When I got initially discharged, I was told "The VA will take care of you". I have learned after many years that was a bullshit lie. Did the VA do my many surgeries through the years? Yes....they did and every single time there was something wrong. I'm not saying that civilian doctors get things right every time but.....the things that have gone wrong could've been avoided or at least an attempt to make things right.

In the years that passed from the time I was discharged until now, I have had 4 kids. I now reside in upstate NY with my boyfriend, a veteran as well, whom I met in 1996 and served with at Fort Lewis. Reconnecting with him years ago was the best thing for me. Being that both of us are vets and have service connected disabilities, we have more understanding with each other when it comes to dealing with frustrations.

I wish my story was contained to one VA hospital or one VA doctor but it involves many. I have been part of at least 6 VA hospitals since 2000 and worked in 1 of them. I have had surgeries at all of them, been to advocates, met with the chief of staff, etc. It all gets me absolutely nowhere! Sometimes something will happen but its usually just enough so they can say they did something. Like this Orthopedic surgeon that just mysteriously disappeared after my situation, "retired" they said, yea ok. I could fill this blog just on my own experiences, but with two of us?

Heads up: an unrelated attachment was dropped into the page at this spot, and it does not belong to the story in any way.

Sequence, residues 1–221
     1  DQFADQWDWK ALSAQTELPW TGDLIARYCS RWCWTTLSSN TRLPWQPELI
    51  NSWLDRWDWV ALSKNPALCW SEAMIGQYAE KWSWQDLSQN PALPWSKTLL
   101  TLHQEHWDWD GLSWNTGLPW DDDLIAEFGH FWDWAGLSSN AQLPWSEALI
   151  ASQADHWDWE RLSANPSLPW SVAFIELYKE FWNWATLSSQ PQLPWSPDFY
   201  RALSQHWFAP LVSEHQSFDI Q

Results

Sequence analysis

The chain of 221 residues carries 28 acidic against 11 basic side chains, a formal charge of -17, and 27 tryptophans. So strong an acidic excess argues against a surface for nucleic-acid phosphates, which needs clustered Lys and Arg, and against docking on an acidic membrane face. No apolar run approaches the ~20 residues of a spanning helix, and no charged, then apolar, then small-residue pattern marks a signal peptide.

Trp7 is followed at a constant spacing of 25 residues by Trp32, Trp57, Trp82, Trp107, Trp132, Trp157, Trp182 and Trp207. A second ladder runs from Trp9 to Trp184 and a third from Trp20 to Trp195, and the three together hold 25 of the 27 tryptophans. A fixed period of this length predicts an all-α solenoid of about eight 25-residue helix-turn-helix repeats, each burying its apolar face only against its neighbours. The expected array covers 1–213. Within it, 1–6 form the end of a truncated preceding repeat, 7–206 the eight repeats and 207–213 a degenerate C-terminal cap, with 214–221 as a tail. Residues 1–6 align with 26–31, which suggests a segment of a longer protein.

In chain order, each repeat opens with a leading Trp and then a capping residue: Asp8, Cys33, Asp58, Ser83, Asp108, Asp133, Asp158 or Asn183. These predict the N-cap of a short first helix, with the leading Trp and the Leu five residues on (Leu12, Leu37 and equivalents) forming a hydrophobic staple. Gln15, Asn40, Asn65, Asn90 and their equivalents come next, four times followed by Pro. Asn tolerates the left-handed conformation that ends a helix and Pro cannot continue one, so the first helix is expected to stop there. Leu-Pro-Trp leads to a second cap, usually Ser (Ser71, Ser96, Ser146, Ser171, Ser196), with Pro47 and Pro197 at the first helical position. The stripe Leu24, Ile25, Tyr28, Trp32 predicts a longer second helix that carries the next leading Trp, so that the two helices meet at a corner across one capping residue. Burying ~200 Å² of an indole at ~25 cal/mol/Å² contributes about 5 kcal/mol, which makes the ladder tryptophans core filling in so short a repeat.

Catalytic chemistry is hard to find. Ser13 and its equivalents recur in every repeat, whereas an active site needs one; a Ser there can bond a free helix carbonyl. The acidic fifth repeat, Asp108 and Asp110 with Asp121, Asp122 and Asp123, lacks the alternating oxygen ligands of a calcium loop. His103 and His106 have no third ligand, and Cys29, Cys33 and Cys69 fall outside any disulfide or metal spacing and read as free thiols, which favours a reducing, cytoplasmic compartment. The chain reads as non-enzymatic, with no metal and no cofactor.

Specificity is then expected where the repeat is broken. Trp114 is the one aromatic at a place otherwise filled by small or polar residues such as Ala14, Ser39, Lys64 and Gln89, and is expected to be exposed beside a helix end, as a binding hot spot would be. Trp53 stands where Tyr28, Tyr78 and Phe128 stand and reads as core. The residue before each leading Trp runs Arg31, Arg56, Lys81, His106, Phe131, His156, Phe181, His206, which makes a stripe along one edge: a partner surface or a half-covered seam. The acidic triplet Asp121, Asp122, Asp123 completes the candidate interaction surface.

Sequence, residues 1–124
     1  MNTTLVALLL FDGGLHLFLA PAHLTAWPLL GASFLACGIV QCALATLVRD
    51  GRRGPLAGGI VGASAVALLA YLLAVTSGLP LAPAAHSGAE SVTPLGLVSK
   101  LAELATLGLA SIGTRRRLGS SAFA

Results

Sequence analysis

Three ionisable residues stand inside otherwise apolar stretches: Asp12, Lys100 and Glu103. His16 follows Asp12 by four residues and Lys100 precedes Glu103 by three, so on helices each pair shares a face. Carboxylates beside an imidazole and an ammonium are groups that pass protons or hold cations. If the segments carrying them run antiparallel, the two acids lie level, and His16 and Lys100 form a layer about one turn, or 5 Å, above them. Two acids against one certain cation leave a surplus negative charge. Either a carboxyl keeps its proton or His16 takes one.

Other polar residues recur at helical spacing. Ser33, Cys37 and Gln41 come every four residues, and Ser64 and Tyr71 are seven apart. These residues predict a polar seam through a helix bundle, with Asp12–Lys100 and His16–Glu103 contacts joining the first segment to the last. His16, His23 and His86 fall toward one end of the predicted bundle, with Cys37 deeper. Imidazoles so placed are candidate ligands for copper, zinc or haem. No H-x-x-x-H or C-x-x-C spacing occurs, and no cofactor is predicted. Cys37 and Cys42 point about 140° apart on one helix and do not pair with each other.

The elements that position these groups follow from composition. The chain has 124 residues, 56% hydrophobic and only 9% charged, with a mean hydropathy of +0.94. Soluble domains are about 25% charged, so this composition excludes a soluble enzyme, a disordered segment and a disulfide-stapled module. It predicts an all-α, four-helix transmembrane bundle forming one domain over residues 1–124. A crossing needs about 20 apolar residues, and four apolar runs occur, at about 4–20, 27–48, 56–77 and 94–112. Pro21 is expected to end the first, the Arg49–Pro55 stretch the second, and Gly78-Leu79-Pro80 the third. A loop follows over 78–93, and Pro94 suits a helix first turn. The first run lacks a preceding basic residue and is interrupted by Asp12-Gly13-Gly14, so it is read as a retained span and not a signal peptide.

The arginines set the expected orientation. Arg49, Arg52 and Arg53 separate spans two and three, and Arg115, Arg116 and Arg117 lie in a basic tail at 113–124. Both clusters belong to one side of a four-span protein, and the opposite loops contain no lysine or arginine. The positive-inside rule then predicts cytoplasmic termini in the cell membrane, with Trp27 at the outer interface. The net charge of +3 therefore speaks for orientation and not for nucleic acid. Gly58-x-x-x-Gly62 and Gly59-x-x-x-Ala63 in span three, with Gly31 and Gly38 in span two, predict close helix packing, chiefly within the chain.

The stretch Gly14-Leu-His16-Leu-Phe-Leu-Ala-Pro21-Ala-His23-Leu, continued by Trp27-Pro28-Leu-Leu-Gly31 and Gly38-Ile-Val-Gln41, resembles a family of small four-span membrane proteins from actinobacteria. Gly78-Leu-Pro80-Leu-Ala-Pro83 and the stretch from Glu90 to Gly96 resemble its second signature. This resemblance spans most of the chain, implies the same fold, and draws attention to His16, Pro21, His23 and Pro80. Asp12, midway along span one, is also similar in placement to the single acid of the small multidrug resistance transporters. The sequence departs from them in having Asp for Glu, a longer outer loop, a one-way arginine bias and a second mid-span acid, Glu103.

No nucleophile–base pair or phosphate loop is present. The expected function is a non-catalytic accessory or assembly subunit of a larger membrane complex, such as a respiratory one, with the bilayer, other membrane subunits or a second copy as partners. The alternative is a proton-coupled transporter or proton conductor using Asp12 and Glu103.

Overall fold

I have had negative comments or emails from people that hide behind a keyboard and try to call me out. First off, I'm not some uneducated person that doesn't know what I'm talking about. If I got anything wonderful out of the VA it was college. I have a Master's degree in Chemistry and a Bachelor's in Biomedical Sciences. I have been on the patient side and the employee side of things with the VA. So, I have the same answer for the naysayers, You don't like it just move along or if your argument is the VA you receive care at is awesome? I say don't ever move but I call BS on "perfect" VA hospitals. I think there are a lot of vets that don't depend 100% on the VA medical care. They use their private health insurance to go elsewhere but stop into the VA once a year for a BS physical with their primary physician. Try depending on the VA for everything. I am 100% service connected and until recently depended solely on the VA. Thanks to another veteran that shared with me how to use my medicare. Which brings me to another reason I started this blog. It started as a way for me to vent and share my stories because I knew I wasn't alone. Then I realized how much I could also share that may help another veteran. So it's a help page as well as being able to vent.


To wrap things up, I appreciate those taking the time to read my blog. I encourage you all to share and comment. You never know who you might help.

158 views0 comments

Recent Posts

See All

The VA and Medical Alert Systems

I had someone recently reach out to me about sharing something with everyone about medical alert systems for veterans. I personally did not know about this and it's really interesting to find out how


bottom of page